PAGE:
Joy Bauer is a registered dietitian and the nutrition expert for the Today Show. She’s also the best-selling author behind several health books including Your Inner Skinny. You can visit her atJoyBauer.com, or follow Joy on Facebook and Twitter.
Few nutrition research findings have brought me more pleasure than the discovery that chocolate can actually be good for you! We now have a large body of research showing that dark chocolate can help lower blood pressure, improve blood flow, reduce clotting, and benefit overall heart health. But before you dive head-first into the nearest heart-shaped box of candy this Valentine’s Day, here’s what you need to know about choosing chocolates with the most health power.
Chocolate owes its health benefits to a category of antioxidants called flavonoids. Flavonoids and other beneficial phytochemicals are found in cocoa solids, and dark chocolate contains a higher proportion of cocoa solids than milk chocolate, making it the more heart-healthy choice. That’s because milk chocolate contains more added milk and sugar, which dilutes the cocoa content. White chocolate contains no cocoa solids, only cocoa butter, which means it’s not officially chocolate and doesn’t deliver any health-promoting flavonoids. Read Full Post >
You’ve probably heard them all: put your fork down in between bites, snack on fruit when you want something sweet, take the stairs instead of the elevator. Diet tips can start to sound monotonous after a while, and maybe even obvious. But if they were so obvious, wouldn’t we be more apt to follow them? We went in search of some of the best diet tips you’ve never heard before, and a few notable dietitians gave us some great material that we know will help you kick-off your healthy new year’s habits!
Tips for Hunger Pangs
“At your first hint of feeling full, place your napkin over your plate.” – Mary Hartley, RD, MPH and director of nutrition for Calorie Count
“Wait for hunger to eat… hunger is the sign the body needs food. If you feel tempted to snack, but aren’t hungry, set a 20 minute timer and distract yourself.” Rebecca Scritchfield, MA, RD, ACSM
Tips for Portioning and Serving Sizes
“Cut your sandwich into four pieces, it makes it easier to leave the last piece.” – Hartley
“Use small serving spoons. Even four spoonfuls will still be a little.” – Hartley Read Full Post >
Joy Bauer is today’s guest author. Joy is a registered dietitian and the nutrition expert for the Today Show. She’s also the best-selling author behind several health books including Your Inner Skinny. You can visit her at JoyBauer.com.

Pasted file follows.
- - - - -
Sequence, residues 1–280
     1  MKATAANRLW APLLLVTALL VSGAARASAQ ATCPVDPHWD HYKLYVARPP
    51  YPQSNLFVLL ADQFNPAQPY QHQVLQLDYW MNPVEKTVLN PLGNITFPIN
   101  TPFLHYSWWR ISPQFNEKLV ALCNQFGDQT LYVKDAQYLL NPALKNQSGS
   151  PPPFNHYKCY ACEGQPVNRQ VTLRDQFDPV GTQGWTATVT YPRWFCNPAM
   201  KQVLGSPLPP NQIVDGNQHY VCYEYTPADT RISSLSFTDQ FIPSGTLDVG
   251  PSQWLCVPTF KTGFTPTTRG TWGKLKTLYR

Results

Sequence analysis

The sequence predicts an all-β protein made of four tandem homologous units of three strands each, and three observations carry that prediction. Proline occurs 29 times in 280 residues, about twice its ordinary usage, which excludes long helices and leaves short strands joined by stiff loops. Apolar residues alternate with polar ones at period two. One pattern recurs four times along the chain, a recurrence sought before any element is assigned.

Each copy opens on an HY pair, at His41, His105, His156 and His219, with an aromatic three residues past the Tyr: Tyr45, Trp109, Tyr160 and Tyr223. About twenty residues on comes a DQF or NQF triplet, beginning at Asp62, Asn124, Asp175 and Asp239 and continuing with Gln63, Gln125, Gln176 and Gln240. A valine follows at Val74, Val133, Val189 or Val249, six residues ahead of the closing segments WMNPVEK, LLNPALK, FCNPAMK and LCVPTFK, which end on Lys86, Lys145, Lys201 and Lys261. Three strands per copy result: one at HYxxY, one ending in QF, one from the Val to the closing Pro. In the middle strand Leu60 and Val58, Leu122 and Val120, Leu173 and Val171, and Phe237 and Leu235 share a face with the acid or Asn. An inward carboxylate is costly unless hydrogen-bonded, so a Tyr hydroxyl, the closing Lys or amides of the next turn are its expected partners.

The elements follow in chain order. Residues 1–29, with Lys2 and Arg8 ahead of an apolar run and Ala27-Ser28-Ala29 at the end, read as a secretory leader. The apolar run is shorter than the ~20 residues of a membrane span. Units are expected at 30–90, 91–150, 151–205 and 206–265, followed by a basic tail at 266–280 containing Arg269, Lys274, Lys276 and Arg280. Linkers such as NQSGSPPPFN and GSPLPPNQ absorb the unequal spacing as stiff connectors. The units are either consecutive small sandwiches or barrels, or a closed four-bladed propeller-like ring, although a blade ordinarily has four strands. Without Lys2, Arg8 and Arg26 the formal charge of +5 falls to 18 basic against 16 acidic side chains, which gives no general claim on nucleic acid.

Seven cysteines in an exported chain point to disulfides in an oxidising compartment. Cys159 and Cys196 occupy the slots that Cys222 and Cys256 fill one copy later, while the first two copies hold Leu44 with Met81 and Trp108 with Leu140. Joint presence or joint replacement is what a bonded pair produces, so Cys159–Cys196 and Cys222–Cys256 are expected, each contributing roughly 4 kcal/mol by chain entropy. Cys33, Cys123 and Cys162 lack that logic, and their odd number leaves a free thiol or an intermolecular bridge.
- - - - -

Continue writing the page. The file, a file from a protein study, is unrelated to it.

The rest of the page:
I’ve heard all sorts of “statistics” about how much weight the average person gains during the holidays: 5 pounds, 8 pounds, 10 pounds. But what’s the truth? A study published in the New England Journal of Medicine found that the average person “only” gains about a pound between mid-November and the beginning of January. That’s slightly comforting. The bad news is, the researchers found that the extra holiday padding didn’t come off during the following year – and slapping on an extra pound every time Thanksgiving rolls around can add up to a BIG gain.
Have no fear! You can still enjoy the special sweets and treats of the season without blowing your diet if you strategize. Here are some of my best tips to keep you on the straight and narrow (for the most part, anyway!) as the season’s festivities swing into full gear. Read Full Post >
A best-selling author, the nutrition expert for Today Show and the name behind a private dietetic practice, you could sayJoy Bauer knows a thing or two about health and nutrition. A registered dietitian, Joy is one of the few who make healthy living approachable, manageable and realistic. That’s why we wanted to talk with her about the current state of nutrition. With obesity numbers continuing to rise in the face of a more attuned focus on our health, we wanted to check in to see if the country is as on track as we’d like to think it is.
“I think that we’re in a pretty good place in terms of people being really interested and wanting information on healthy eating and healthy living and exercising – so that’s great,” she says.
Watch our interview to hear more from her on the state of nutrition, plus common diet myths that we all fall prey to and what the snacks in the Today Show green room look like!
What is this world coming to when 7′ feet, 1″ basketball great Shaquille O’Neal is on a diet? I mean, isn’t this guy the Michael Phelps of the basketball court?
With the 2009 season at a close for Shaq’s Phoenix Suns, this 325-pound athlete is determined to maintain his weight or maybe even better, lose a few pounds during the off season with the help of registered dietitian Joy Bauer. Criticized for having his bulk slow him down on the court, Shaq is ready to start preparing for the pre-season in his off-season. Read Full Post >